Ah, to be part of the 47%! Remember them? The people who were just never going to vote for lower taxes for the rich?
There are 47 percent of the people who will vote for the president no matter what . . . . These are people who pay no income tax. Forty-seven percent of Americans pay no income tax. So our message of low taxes doesn’t connect. So he’ll be out there talking about tax cuts for the rich. … My job is not to worry about those people. I’ll never convince them they should take personal responsibility and care for their lives.
Well sign me up for the Republican Party, because I got a job offer recently! It won’t pay me Warren Buffett money, or even Warren-Buffett’s-secretary-money (ha-ha, just kidding, Debbie!), but if everything goes smoothly I will be officially lifted out of the “poors” bracket and into the, oh, I don’t know, they haven’t told me what it’s called yet, but I’ll label it the “junior mandarins” bracket for now. That means that, unlike all the ne’er-do-well teat-suckers Obama carries around in his pocket, I will now see a BUNCH of my paycheck go voomp! through the vacuum tubes and across the continent to Uncle Sam every week. (When you are in the “poors” bracket, a good portion of your income also goes voomp!, but in much tinier pieces, at the store and at the DMV, and it goes to Uncle Jerry.)
And I have to admit, when I did a back-of-the-envelope estimate of my take-home… it stung. I’ve had this experience once before, years ago, when my wife for one glorious year had a high-paying job with a fancy media company. We got her first check, and it was so much smaller than what we were expecting we thought at first that it must have been for a partial pay period. But… nope. That was it. That was the whole thing.
Now I could give you a lot of Sam Seaborn about how a junior mandarin such as I just has to pay high taxes because “that’s the only way it’s gonna work.” But let’s not get there quite yet. Let me just sit with my feelings for a moment.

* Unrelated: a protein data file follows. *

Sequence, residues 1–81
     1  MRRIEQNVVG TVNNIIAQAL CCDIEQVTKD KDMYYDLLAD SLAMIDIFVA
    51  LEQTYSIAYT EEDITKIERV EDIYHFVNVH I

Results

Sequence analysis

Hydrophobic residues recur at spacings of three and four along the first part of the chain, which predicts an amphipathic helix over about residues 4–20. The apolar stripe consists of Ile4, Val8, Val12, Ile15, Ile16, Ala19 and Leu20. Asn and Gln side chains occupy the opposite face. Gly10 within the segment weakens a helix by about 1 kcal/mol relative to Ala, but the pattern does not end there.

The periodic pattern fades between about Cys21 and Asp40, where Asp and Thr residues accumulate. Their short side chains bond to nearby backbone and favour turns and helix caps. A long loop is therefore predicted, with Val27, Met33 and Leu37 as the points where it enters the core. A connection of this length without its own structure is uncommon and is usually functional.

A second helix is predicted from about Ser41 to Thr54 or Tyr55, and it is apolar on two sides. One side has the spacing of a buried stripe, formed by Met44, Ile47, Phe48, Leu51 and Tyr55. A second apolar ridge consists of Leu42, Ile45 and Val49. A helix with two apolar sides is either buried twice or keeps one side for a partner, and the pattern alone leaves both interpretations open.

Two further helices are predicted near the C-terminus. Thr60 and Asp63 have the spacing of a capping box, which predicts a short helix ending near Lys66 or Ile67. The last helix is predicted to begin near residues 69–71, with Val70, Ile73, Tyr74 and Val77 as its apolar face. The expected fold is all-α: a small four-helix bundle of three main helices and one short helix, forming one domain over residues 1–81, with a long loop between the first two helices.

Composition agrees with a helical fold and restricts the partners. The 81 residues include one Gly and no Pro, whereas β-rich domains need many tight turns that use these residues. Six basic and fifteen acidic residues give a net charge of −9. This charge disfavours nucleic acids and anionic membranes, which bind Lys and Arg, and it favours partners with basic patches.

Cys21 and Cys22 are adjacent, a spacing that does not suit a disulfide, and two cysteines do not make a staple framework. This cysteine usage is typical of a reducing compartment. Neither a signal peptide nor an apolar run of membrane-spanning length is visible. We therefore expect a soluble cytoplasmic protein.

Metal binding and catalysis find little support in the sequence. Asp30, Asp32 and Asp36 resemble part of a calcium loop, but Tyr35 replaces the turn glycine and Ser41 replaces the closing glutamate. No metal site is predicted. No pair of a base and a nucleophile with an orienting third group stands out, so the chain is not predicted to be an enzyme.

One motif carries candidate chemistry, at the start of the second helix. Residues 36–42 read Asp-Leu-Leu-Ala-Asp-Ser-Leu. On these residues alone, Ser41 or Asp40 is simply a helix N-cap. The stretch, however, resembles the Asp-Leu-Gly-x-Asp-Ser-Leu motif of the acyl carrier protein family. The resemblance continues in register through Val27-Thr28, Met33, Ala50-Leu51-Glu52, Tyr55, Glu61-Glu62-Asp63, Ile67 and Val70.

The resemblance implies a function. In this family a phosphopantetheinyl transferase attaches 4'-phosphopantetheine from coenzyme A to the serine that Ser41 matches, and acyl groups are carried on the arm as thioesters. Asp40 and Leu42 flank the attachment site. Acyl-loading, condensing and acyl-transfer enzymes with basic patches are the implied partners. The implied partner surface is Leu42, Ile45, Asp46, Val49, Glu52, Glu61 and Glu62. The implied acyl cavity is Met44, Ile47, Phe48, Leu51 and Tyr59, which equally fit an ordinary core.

One of my feelings is that I wish I could pay less. Mythologically speaking, then, the Republican party is supposed to be for me: they will advocate for small, tight budgets and low, low taxes, right? I mean, yes, they really ran to embrace racism in the 1960s and ’70s and then stoked gay panic, abortion panic, family values panic, and drug panic in the ’80s, and then embraced racism again in the ’90s, but will you shut up already, you goddamned Social Justice Warriors?? …is the kind of thing I would say, probably, if the Republican Party were offering me a tax break at the federal level.
So you can imagine how disappointed I was to read, this week, that even the so-called “libertarian” Republican proto-candidate, Rand Paul, is not that serious about giving me a tax break:
Just weeks before announcing his 2016 presidential bid, Kentucky Sen. Rand Paul is completing an about-face on a longstanding pledge to curb the growth in defense spending.
In an olive branch to defense hawks hell-bent on curtailing his White House ambitions, the libertarian Senator introduced a budget amendment late Wednesday calling for a nearly $190 billion infusion to the defense budget over the next two years—a roughly 16 percent increase.
Paul’s amendment brings him in line with his likely presidential primary rivals, including Florida Sen. Marco Rubio, who introduced a measure calling for nearly the same level of increases just days ago. The amendment was first noticed by TIME and later confirmed by Paul’s office.
The move completes a stunning reversal for Paul, who in May 2011, after just five months in office, released his own budget that would have eliminated four agencies—Commerce, Housing and Urban Development, Energy and Education—while slashing the Pentagon, a sacred cow for many Republicans. Under Paul’s original proposal, defense spending would have dropped from $553 billion in the 2011 fiscal year to $542 billion in 2016. War funding would have plummeted from $159 billion to zero. He called it the “draw-down and restructuring of the Department of Defense.”
Et tu, Rand?
If that big blue part is going to stay the same or keep growing anyway — if I’m never going to see an appreciable tax break, no matter who I vote for, that is not funded by deficits — then fuck it: I’m gonna vote for the guy/gal who will give poor people food stamps, too. (That’s [a small portion of] the teeny-tiny, sky blue sliver.)